Steve Nash brings mini-Magic to the Lakers

First things first. The Lakers aren’t going to take Wilt Chamberlain’s No. 13 down from high inside Staples Center and give it to Steve Nash.

There won’t be a laser-light show and fog machine when Nash is introduced next week at the Lakers’ training facility.

Nor will Magic Johnson be there to hand the torch from one dynamic point guard to another. But he sends his regards.

“The excitement will be back at Staples Center,” Johnson said in a phone interview while vacationing in Italy. “This guy is so much fun to watch. He’s a ‘mini-me’ of me.”


Welcome to the new Lakers, the ones who are actually fun to watch.

They won’t be as dreary as last season, when they failed to break 100 points for 13 consecutive games in January, the longest sub-100 famine for the franchise since the shot clock was established in 1954.

And, no, that wasn’t also the year Nash was born.

Sure, he’s old and a step slow on defense. As if the Lakers care.


They’ll no longer bore their fans to tears.

A typical possession last season: Kobe Bryant gets the ball with 11 seconds left on the shot clock, dribbles, dribbles, starts to drive, stops, dribbles, dribbles, glances at Andrew Bynum or Pau Gasol, dribbles toward the post and fires a turnaround fade-away as the shot clock expires.

Not any longer.

Don’t be surprised to see lots of pick-and-rolls with Nash and Bynum. With Nash and Gasol. Even with Nash and Bryant.

They’ll be early in the offense too, some even coming near midcourt, all designed to free up Nash with a young shot clock.

“We’re going to get into the 100s for sure with Steve Nash,” Johnson said. “It’s almost going back to Showtime. From one to 10, there’s nine pluses now. Only one minus.”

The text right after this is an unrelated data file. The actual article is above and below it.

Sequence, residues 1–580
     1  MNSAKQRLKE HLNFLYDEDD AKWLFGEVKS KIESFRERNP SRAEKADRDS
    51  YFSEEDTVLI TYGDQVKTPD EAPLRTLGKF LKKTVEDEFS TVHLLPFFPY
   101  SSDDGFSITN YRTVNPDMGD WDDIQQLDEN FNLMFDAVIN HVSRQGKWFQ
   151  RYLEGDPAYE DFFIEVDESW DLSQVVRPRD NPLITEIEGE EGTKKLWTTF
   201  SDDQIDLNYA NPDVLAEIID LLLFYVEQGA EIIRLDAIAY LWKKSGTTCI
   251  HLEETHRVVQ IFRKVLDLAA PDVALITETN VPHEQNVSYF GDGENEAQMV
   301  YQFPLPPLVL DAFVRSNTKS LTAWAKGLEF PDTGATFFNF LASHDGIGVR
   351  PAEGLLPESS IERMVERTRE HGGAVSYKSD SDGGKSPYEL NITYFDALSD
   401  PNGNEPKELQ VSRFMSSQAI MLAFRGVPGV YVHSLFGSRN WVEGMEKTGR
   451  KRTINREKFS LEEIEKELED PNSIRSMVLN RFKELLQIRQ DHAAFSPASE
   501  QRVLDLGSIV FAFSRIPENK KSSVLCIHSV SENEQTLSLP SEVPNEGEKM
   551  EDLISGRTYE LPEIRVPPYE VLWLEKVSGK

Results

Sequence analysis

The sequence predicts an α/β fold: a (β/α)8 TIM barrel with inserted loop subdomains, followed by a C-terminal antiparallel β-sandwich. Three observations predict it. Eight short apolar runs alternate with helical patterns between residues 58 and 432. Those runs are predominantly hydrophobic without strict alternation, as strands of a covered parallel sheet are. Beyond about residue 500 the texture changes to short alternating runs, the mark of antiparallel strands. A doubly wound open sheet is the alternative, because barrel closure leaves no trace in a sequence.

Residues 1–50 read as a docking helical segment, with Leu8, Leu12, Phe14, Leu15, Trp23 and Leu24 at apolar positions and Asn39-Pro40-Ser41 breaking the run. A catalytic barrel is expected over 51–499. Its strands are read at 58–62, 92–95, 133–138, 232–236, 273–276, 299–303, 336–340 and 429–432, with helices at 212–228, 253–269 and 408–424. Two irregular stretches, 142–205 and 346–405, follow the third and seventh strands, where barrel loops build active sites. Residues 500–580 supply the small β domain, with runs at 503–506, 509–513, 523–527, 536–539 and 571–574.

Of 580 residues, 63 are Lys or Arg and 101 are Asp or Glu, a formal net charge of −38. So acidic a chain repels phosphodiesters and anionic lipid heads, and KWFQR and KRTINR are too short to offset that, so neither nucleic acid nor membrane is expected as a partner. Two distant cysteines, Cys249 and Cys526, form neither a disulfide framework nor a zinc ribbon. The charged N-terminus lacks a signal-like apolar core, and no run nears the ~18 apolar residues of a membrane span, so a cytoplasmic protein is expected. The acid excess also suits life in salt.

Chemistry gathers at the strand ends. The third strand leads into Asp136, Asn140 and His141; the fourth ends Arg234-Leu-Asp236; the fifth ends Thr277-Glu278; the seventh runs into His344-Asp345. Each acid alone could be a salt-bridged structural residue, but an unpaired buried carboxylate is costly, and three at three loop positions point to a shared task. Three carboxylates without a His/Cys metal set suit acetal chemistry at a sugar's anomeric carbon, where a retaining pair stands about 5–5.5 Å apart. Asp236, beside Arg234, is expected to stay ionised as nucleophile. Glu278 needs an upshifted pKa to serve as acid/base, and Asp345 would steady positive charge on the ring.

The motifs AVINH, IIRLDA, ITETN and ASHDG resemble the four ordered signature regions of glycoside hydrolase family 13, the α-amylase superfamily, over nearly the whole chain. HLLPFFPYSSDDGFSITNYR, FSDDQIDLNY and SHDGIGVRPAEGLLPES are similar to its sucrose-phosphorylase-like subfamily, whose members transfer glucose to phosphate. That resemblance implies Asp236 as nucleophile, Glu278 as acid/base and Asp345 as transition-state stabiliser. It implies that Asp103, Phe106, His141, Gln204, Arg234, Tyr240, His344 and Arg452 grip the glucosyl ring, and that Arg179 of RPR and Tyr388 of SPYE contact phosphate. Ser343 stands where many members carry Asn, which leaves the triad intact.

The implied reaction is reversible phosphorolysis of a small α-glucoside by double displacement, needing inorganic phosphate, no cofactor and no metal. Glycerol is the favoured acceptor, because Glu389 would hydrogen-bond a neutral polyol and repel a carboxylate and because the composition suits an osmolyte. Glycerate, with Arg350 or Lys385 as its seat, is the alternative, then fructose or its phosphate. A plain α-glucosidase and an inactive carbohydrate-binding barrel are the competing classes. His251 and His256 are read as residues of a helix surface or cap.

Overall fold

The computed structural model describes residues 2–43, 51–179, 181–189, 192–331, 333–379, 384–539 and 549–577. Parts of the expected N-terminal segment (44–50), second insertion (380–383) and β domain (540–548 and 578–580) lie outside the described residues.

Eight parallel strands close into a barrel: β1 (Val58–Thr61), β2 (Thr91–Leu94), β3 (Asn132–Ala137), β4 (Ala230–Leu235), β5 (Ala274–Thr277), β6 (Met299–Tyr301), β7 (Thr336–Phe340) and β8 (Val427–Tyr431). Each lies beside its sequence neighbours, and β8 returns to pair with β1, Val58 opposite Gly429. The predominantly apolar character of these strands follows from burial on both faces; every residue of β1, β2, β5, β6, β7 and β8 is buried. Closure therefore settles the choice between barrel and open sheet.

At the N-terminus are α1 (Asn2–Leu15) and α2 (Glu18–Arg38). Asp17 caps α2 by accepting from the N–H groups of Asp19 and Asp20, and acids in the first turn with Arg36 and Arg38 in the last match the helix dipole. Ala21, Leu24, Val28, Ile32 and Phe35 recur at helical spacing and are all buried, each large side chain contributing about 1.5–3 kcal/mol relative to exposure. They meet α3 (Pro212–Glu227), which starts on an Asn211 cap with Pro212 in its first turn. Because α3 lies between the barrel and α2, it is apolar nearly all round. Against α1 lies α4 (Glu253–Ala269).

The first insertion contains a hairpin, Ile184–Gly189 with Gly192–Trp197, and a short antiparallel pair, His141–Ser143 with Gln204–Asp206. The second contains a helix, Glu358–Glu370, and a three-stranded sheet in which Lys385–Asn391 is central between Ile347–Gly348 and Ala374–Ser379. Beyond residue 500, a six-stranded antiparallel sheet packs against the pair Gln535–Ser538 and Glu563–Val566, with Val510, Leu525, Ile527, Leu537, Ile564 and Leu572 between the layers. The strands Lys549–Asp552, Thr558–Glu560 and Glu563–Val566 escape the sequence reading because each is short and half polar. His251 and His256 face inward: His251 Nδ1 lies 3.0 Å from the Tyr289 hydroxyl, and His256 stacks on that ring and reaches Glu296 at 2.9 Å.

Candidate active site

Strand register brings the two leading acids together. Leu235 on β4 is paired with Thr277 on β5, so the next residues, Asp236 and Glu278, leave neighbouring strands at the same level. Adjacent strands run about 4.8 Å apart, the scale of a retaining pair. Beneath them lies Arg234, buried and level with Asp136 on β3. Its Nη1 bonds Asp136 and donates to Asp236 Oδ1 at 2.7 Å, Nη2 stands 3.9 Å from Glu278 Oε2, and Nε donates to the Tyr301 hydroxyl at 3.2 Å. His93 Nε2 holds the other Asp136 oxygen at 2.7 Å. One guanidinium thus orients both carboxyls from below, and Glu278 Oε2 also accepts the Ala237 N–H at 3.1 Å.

A minus? What? There doesn’t need to be a parade next week down Figueroa Street, but what’s with Wet Blanket Johnson?

“We haven’t got enough runners,” he said. “The unfortunate thing is we can’t take full advantage of Steve Nash’s ability if we’re just using him in the halfcourt. We’re still a slow team. We’ve got to somehow get a little bit faster or get players who can get up and down the court.”


Johnson had plenty of runners when he ran the point. James Worthy. Michael Cooper. A.C. Green. Even Kurt Rambis got his short shorts down the court for a dunk every once in a while.

Johnson hopes the Lakers re-sign restricted free agent Devin Ebanks or unrestricted free agent Grant Hill. Really, though, there’s only one other transaction for them to consider.

It won’t be easy. It won’t come today, but it will be bigger than Nash. It’s the obvious one.

“I think Dwight Howard is making a big mistake by not considering the Lakers,” Johnson said. “Dwight Howard cannot finish a game. What happens is big men put you in a position to win, but they don’t win it. Kobe Bryant always closed out games when he was with Shaq. There’s no Kobe Bryant on the [Brooklyn] Nets team.”

They do have Deron Williams and Joe Johnson, however.

“Dwight Howard can’t hit free throws and dominate a game in the fourth quarter,” Magic added. “If he wants to be MVP and win a championship, L.A. could be Dwight Howard’s town. He could light the whole city up. He could own Los Angeles. Can you imagine the lobs that Steve would be throwing to him? If Dwight Howard ends up with the Lakers it would be the most exciting team we’ve seen in the last 10 or 15 years, probably sinceMichael [Jordan] left.

“Kobe Bryant would definitely pass me in rings if he joins the Lakers. Kobe Bryant needs Dwight Howard and Dwight Howard needs Kobe Bryant.”

But the Lakers don’t want the salaries Orlando’s trying to attach to Howard. They can take their pick of one: Hedo Turkoglu, 33, has two years and $23.8 million left on his contract. Jason Richardson, 31, has three years and $18.6 million remaining.


Which means ... uh…back to Nash!

If he isn’t a top-five point guard these days, he’s right outside the cadre of Chris Paul, Deron Williams, Derrick Rose, Tony Parker, Rajon Rondo and Russell Westbrook.

Magic was actually wrong, though. There are other minuses.

The average age of the Lakers’ starters will be 32 years on opening night. Average age of Oklahoma City’s starters: 25.

If somebody is hurt, the Lakers’ bench isn’t the place to look for help. Right now it’s Steve Blake, Josh McRoberts and a bunch of fresh-faced kids.

There’s also the issue of Nash’s defensive burden, but everybody knows that. It means Bynum will have to be more alert on pick-and-roll defense, which he wasn’t in the playoffs.

Which brings us ... uh…back to Howard!

“I want to giveMitch [Kupchak] and Jim Buss credit for Steve Nash,” Johnson said. “They showed me something. But if they have the opportunity, keep it going. You can’t stop. Unfortunately, you’re still not good enough. They’re still missing a piece that would help them win it all. If you get Howard, that puts you over the top.”